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YELLS

We met Monica Evelyn Johnson on the Jackson Street bridge overlooking the Atlanta skyline on a beautiful Sunday evening. Monica had this spunk to her—an attitude that could not be altered. She was so eager to tell her story and spend some time with two complete strangers. 

As we approached Monica, she was doing her regular routine for Jackson Street visitors and tourists. She would approach the onlookers and ask for donations to support her as she lives on the streets. We saw her as a regular woman doing her best to survive despite her situation. Her signature orange hoodie made her stand out, and her presence was observed by everyone. She didn’t care if her overbearingness was unwanted, she wanted to interact with people, and we wanted to give her a chance to tell her story.

“I am rebellious at times. I don’t like rules, and that’s probably why I am in this situation. My mom carried me—originally from Puerto Rico and moved to the States. I contracted Meningitis, so my foster mom took me in. The doctors told her I was gonna be deaf, dumb, and blind. She told me Jesus was going to come and make me better. And as you can see, I am healthy and doing alright as far as mentality wise.”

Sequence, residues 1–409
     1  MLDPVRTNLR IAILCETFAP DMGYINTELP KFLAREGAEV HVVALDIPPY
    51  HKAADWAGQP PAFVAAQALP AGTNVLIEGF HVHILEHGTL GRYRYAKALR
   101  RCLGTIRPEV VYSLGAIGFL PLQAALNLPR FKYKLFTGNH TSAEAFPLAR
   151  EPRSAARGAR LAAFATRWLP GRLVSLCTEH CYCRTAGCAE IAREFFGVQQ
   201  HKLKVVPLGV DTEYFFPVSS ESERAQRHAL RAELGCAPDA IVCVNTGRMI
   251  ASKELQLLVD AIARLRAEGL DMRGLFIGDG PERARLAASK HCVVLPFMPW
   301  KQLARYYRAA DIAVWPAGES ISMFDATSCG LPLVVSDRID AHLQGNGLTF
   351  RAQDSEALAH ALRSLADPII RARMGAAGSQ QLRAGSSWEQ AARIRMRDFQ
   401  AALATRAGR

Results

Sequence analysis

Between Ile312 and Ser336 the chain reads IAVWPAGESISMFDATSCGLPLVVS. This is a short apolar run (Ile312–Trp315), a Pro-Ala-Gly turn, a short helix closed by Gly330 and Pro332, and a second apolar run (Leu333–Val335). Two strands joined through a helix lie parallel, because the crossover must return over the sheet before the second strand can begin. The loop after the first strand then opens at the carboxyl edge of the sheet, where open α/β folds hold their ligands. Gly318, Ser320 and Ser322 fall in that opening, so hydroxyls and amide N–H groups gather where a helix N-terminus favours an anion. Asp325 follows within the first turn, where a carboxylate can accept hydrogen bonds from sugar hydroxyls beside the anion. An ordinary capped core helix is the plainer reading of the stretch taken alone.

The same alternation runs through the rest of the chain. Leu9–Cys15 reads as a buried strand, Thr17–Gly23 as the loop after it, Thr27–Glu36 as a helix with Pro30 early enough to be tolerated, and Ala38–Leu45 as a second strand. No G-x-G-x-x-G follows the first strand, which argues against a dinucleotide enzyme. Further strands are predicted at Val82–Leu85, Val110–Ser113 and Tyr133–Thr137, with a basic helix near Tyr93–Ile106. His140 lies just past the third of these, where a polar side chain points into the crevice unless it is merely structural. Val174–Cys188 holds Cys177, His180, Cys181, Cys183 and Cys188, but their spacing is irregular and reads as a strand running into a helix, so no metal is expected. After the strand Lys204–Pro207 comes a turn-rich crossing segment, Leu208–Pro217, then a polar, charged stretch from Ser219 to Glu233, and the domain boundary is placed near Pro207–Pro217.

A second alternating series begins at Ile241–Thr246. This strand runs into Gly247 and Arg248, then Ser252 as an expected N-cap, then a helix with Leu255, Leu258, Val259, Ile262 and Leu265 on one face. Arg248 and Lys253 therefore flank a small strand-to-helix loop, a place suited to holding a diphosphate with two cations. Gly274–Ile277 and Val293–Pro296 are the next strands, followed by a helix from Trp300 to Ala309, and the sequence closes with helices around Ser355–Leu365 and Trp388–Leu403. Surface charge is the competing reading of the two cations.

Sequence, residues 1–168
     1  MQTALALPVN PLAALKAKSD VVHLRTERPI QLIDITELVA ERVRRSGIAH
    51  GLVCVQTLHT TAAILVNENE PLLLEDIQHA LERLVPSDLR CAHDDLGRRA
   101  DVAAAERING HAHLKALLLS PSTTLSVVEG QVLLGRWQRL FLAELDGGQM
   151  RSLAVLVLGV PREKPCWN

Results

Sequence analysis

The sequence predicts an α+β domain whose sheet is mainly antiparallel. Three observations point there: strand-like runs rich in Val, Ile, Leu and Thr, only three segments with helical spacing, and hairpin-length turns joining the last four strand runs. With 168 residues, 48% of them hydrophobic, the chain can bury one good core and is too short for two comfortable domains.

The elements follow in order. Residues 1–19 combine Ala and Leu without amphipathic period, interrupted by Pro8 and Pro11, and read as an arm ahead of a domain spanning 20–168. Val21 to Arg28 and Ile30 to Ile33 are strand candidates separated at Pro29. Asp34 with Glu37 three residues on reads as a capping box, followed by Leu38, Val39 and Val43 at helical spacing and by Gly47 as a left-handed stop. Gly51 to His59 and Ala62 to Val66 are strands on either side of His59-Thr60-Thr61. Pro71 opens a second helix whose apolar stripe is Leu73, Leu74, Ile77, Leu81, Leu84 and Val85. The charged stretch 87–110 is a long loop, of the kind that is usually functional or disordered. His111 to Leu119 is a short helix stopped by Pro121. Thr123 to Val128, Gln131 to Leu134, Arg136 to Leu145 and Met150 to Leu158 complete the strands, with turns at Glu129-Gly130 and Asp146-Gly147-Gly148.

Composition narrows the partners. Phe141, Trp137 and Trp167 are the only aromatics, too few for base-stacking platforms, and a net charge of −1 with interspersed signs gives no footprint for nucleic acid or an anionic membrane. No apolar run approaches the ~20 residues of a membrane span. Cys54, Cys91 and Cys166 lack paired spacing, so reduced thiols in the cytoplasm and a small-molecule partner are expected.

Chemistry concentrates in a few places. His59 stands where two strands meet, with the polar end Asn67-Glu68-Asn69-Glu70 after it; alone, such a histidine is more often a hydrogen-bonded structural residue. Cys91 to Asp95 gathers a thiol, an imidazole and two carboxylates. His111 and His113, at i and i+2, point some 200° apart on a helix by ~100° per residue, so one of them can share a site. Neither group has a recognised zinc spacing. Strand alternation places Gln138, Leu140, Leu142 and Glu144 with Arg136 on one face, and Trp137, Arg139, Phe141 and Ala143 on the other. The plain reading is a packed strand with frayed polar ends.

Monica went on to explain her many accomplishments in education despite the predictions from medical professionals. She went on to attend Georgia Tech and studied Archeology. Due to her many health problems, she had to leave higher education so she could focus on surviving. 

“My hopes and dreams are to get off the streets and finally get some mental health from a facility so I can live life in a normal fashion. As far as learning how to pay my own bills and learning how to drive a car. “ She paused, “I’ve never owned a car.

After a bit of conversation, my southern respect was shown when I called her ma’am. Monica quickly snapped at me for calling her ma’am. In her eyes, that was a title for old ladies, and she made it quite clear that she was not an old lady. 

As we ended our conversation, I decided to ask her one final question: what is one thing you would like to tell someone? She replied, “Stay in school. Because being homeless, being a thug, being a prostitute isn’t gonna work.” After this simple, yet powerful statement, Monica began telling us a few jokes while she sang and danced. She brought so much spirit to us and the passerbyers on the Jackson Street bridge that the memory of her and the production of this project became a reality.